StampNews.com is glad to inform that the U.S. Postal Service commemorated the U.S. Coast Guard’s 225th anniversary with a special stamp. The new Forever stamp features two icons of the Coast Guard: the Barque Eagle, a three-masted sailing ship known as "America's Tall Ship", and an MH-65 Dolphin helicopter, the standard rescue aircraft of the Coast Guard. It was issued and put into circulation on the 4th of August.
During an average day, Coast Guard personnel assist more than 300 people in distress, save more than $2 million in property, board 90 large vessels for port safety checks, conduct 120 law enforcement boardings, and investigate more than a dozen marine accidents.
The Coast Guard today has more than 49,000 active-duty men and women; 7,300 reservists; 8,300 civilian employees and 30,000 volunteer auxiliary personnel. In addition to saving lives at sea, members of the Coast Guard enforce maritime law, oversee aids to navigation, conduct icebreaking operations, protect the marine environment, respond to oil spills and water pollution, ensure port security, support scientific research at sea, combat terrorism and aid in the nation's defense.
U.S. Coast Guard history
The U.S. Coast Guard traces its history to a law enacted in August 1790 by President Washington. The law provided for a fleet of 10 vessels, or "revenue cutters", to aid in collecting duties on goods imported into the United States. This fleet guarded the Atlantic coast and thwarted smugglers and pirates trying to evade tariffs. It was the genesis of what became the Revenue Cutter Service, forerunner of today's Coast Guard.
The U.S. Coast Guard received its current name in 1915, under President Wilson. The Revenue Cutter Service and the Life-Saving Service, which had been established as a separate agency in 1878, were combined into one organization. The 1915 legislation also made explicit that the Coast Guard was "a part of the military forces of the United States" and would "operate as a part of the Navy… in time of war or when the President shall so direct".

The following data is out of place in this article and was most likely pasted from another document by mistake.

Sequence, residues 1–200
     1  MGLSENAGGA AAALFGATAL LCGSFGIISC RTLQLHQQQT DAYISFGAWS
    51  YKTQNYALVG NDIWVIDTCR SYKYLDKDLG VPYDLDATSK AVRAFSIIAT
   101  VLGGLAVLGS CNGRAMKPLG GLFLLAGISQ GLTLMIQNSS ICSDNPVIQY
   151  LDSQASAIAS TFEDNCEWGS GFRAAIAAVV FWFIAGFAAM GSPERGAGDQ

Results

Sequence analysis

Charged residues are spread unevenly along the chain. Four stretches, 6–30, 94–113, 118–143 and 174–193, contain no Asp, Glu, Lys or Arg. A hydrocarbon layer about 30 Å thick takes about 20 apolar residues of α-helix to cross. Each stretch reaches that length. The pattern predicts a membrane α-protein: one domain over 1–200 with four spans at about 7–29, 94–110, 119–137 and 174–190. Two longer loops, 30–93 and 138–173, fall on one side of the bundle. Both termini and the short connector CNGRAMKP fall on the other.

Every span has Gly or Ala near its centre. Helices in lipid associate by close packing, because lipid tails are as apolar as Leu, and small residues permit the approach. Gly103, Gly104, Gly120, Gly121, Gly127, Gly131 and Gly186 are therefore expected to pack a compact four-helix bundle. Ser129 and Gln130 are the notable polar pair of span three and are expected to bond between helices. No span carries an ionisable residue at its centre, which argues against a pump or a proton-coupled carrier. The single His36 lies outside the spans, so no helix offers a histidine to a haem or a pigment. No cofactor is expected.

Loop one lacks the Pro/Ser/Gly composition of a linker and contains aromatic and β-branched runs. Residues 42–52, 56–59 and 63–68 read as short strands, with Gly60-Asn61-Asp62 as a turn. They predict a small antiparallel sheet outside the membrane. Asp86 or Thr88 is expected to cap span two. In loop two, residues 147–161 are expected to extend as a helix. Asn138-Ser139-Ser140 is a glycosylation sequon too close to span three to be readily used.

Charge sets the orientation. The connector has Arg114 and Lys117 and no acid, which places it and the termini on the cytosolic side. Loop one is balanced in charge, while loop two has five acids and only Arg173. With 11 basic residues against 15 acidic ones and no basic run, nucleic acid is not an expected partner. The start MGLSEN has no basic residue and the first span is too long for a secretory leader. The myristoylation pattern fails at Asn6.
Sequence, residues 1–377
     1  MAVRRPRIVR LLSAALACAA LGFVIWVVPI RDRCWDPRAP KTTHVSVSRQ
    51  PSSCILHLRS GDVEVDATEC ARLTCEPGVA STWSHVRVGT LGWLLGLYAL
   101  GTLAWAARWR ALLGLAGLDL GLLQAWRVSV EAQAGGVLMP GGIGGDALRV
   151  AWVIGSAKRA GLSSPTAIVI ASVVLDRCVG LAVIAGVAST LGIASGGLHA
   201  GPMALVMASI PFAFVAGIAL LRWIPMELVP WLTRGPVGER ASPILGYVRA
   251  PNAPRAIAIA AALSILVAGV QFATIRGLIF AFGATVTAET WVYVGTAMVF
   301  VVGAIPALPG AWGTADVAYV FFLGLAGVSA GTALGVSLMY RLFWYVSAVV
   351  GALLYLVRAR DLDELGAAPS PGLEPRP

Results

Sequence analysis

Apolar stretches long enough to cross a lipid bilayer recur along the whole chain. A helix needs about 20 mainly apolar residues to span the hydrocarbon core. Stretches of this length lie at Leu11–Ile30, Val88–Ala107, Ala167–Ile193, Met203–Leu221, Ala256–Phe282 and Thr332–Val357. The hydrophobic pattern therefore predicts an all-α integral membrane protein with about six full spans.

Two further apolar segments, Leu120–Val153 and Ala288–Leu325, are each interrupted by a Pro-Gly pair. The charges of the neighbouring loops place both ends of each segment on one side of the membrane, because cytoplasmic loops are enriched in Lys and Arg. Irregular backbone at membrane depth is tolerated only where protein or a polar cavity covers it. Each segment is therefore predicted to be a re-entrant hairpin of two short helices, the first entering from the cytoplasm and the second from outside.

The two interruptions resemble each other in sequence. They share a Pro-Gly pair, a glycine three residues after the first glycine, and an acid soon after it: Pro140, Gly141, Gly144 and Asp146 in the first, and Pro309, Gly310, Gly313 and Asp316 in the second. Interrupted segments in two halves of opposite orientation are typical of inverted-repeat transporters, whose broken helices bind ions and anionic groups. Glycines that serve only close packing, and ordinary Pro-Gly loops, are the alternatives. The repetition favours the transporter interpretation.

The search-and-rescue mission of the Coast Guard is perhaps the mission most familiar to the public today. The helicopter became a valuable aid in the cause soon after its introduction in the 1940s. In 1955, Coast Guard helicopters rescued scores of Connecticut residents from floodwaters caused by two late-summer hurricanes, and on Christmas Eve of that year a single helicopter rescued 138 victims of a massive flood in northern California. Not long after these dramatic incidents, helicopters joined cutters as icons of the Coast Guard.
One of the largest response-and-rescue efforts in the history of the Coast Guard took place in 2005 after Hurricane Katrina slammed the Gulf Coast. As the city of New Orleans was deluged by 20-foot high floodwaters, tens of thousands of residents were left clinging to rooftops or huddling in attics. Some 5,000 personnel rushed to the scene, and a large percentage of the Coast Guard helicopter fleet deployed.
The effort was complicated by the challenges of urban search and rescue, including downed wires that posed a hazard to helicopter rotor blades. Some rescue swimmers had to borrow fire axes to cut through rooftops to reach people trapped in their attics. At one point, Coast Guard personnel were rescuing 750 people an hour by boat and 100 people an hour by air. The final tally of persons rescued and evacuated from rooftops, flooded homes, and stricken hospitals exceeded 33,000.
The Coast Guard's incredible response to Katrina was a testament to its culture of service and exemplified its longtime motto, "Semper Paratus ‒ Always Ready".